Some people see risks in simply handing the issue over to UNHCR. The first concern is whether UNHCR would have the capacity to discharge the responsibility and would make it a priority within the organisation. The second concern is that persons displaced across borders by environmental causes will be a very different kind of population from refugees; most displacements will be because of drought, created by slow-onset drivers, for which it will be very hard to engage in individual status determination. Taking on a role in this area will require UNHCR to go beyond its usual ways of working.

IOM is, despite being outside the UN system, the most significant international organisation working on migration. It has substantial comparative advantages to work on mobility beyond the common migration/displacement distinction, and has published extensive research on the issue. IOM is actively involved in the protection of displaced populations as co-lead with UNHCR of the global Camp Coordination and Camp Management Cluster and has developed a Migration Crisis Operational Framework to build partnerships to protect vulnerable migrants caught in humanitarian crisis. It has also recently developed a Displacement Tracking Matrix and it now has a Migration Governance Framework, which offers to governments the sets of normative and practical tools needed to allow states to respond effectively to contemporary human mobility challenges.[4]

IOM’s work covers almost all aspects of human mobility in the context of natural disasters and climate change, and it also has significant flexibility as an organisation. The one reservation expressed by some commentators is that, although IOM does increasingly engage in protection activities, it has a less clearly defined protection mandate than, for example, UNHCR.

While both UNHCR and IOM have the most important international roles to play in responding to internal and cross-border displacement in the context of natural disasters, other organisations also have important contributions to make. A number of their mandates and work are also highly relevant to the Nansen Initiative follow-up. Development actors, including the United Nations Development Programme (UNDP), are important, especially in relation to prevention and resilience, and UNDP has recently made displacement a key part of its new strategy. The UN Office for the Coordination of Humanitarian Assistance (OCHA) and its chief, the Emergency Relief Coordinator (ERC), have responsibility to coordinate responses in both conflict and natural disaster settings. The ERC can appeal to UN Country Representatives and has access to a series of soft mechanisms such as the UN Development Assistance Framework.

The UN Office for Disaster Risk Reduction (UNISDR) plays a crucial role in facilitating the development of a post-2015 framework for disaster risk reduction. The draft text of the Sendai Framework for Disaster Risk Reduction 2015-2030[5] contains multiple references to displacement and could constitute a focal point for future efforts to address environmental displacement as part of international disaster risk reduction and climate change adaptation strategies. The work of the UN Framework Convention on Climate Change (UNFCCC) was and continues to be an important platform for the Nansen Initiative to raise the issue of environmental displacement in the context of climate change. The FCCC’s Warsaw International Mechanism for Loss and Damage associated with Climate Change Impacts work plan 2015-16[6] specifically refers to environmental displacement and the need to strengthen research in this area.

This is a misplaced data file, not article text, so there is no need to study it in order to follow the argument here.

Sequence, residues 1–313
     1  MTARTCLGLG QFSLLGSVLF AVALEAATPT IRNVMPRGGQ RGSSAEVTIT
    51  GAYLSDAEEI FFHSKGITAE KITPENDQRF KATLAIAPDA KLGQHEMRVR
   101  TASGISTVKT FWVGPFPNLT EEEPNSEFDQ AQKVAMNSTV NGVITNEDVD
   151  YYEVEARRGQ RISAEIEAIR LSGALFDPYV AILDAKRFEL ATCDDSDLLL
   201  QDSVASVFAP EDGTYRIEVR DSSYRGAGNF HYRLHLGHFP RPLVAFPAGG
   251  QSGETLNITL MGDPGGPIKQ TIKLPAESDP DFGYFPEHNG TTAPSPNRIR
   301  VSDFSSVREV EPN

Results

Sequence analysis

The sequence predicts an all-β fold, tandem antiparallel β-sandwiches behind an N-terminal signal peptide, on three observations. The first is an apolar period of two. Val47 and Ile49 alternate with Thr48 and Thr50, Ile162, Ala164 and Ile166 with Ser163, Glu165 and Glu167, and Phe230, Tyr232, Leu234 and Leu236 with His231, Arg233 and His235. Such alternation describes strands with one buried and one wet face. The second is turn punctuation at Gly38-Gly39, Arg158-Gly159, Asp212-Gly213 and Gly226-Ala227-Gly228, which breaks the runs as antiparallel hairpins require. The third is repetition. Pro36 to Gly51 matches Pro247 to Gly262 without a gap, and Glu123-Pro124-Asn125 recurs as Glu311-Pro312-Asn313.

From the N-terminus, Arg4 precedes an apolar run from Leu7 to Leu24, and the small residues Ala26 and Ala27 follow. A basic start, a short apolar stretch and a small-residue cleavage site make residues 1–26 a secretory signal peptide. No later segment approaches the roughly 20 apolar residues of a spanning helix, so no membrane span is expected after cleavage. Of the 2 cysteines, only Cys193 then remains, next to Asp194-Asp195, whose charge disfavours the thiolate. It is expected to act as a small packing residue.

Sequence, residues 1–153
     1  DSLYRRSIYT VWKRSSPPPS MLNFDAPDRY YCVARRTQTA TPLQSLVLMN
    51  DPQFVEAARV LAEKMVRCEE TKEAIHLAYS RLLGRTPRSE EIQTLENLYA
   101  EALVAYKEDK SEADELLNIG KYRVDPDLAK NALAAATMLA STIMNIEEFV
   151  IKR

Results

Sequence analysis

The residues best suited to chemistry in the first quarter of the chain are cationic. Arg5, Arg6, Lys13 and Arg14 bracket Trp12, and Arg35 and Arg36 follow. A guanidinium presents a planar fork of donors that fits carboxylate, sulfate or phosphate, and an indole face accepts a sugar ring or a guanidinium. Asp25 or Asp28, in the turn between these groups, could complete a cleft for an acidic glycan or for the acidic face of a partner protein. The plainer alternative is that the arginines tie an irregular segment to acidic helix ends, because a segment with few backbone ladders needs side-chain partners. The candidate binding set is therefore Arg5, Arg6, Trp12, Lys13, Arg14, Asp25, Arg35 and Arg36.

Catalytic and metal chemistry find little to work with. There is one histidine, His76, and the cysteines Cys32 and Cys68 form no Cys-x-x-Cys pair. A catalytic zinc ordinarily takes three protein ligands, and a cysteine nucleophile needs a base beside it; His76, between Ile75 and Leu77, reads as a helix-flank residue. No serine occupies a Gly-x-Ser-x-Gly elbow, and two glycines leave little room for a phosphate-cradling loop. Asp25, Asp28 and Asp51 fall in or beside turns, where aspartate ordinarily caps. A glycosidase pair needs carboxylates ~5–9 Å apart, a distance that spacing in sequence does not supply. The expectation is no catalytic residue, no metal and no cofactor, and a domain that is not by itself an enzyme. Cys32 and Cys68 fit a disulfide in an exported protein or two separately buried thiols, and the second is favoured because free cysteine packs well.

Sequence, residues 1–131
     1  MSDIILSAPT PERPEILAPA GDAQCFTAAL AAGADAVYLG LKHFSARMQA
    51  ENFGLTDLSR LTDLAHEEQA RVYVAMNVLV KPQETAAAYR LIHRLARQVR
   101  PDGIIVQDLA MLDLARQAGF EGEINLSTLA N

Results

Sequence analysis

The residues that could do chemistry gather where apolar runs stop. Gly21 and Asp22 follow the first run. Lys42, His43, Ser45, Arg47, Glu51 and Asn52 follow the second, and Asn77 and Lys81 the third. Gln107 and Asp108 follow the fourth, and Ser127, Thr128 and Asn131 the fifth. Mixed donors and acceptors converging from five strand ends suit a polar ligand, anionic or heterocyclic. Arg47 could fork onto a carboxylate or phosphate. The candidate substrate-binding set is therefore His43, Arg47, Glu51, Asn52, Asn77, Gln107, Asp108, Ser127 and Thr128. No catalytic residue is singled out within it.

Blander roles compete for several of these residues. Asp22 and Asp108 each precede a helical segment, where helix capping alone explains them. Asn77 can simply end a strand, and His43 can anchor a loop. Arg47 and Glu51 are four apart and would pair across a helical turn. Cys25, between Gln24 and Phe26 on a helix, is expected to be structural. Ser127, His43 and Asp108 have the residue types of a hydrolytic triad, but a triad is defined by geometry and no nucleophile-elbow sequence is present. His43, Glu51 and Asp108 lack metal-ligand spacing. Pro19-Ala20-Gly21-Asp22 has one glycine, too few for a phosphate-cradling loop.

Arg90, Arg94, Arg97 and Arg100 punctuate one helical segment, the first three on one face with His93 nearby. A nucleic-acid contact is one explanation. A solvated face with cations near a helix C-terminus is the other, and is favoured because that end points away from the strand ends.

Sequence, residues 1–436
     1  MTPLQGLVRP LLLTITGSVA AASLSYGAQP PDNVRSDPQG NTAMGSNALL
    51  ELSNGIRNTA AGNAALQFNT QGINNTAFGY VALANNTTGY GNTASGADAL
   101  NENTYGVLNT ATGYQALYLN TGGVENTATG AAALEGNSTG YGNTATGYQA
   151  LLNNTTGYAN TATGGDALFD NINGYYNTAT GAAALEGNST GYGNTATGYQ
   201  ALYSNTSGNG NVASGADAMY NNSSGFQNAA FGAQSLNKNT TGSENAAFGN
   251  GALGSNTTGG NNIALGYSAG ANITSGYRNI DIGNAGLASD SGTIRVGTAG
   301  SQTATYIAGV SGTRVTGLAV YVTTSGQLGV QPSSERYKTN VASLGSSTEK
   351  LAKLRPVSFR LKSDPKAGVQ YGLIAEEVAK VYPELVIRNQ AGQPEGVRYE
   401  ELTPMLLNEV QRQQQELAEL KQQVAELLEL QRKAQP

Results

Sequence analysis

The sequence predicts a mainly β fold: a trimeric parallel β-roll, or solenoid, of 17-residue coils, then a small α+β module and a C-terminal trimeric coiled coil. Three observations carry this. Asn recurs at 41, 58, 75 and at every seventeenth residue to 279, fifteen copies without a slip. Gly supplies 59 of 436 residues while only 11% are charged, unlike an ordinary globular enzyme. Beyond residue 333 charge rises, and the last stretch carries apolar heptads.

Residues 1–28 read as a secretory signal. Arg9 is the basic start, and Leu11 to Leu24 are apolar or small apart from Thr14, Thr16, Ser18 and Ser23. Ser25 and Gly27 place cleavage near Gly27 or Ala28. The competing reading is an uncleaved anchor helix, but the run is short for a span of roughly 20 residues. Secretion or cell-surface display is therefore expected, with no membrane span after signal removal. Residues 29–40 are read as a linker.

This leaves open the question of whether the issue may not be ready yet to be fully absorbed by the UN system. Despite the capacities of these actors, one of the insights from the Nansen Initiative has been recognition of the importance of state-led and regional organisation-focused initiatives, with an advocacy structure outside the UN system.

A coordination model?

Beyond the option of giving one organisation lead responsibility, a number of options exist for coordination mechanisms in this area. Option 1 would be improved UNHCR-IOM collaboration. IOM has a comparative advantage in the area of migration and on the operation side, while UNHCR has a comparative advantage in the area of displacement and on the protection side. IOM-UNHCR relations have improved considerably in recent years, and the organisations worked effectively together in contexts such as the Libya Humanitarian Evacuation Programme in 2011. Option 2 would be a broader inter-agency mechanism on human mobility and natural disasters, with a rotating chair and possibly a small secretariat. The advantages of this kind of mechanism are that it would keep the issue on the table and ensure that a range of organisations, including UNDP, UNISDR, UNFCCC, the UN Environment Programme and OCHA, for example, continued to engage with the issue. Option 3 might be a Joint Support Unit with an inter-agency secretariat which would be directly accountable to state leadership. This kind of model has been used in other processes such as the International Conference on Refugees in Central America, for which a joint UNHCR-UNDP secretariat worked regionally from San José in order to coordinate finding durable solutions for Central American refugees in the aftermath of the Cold War.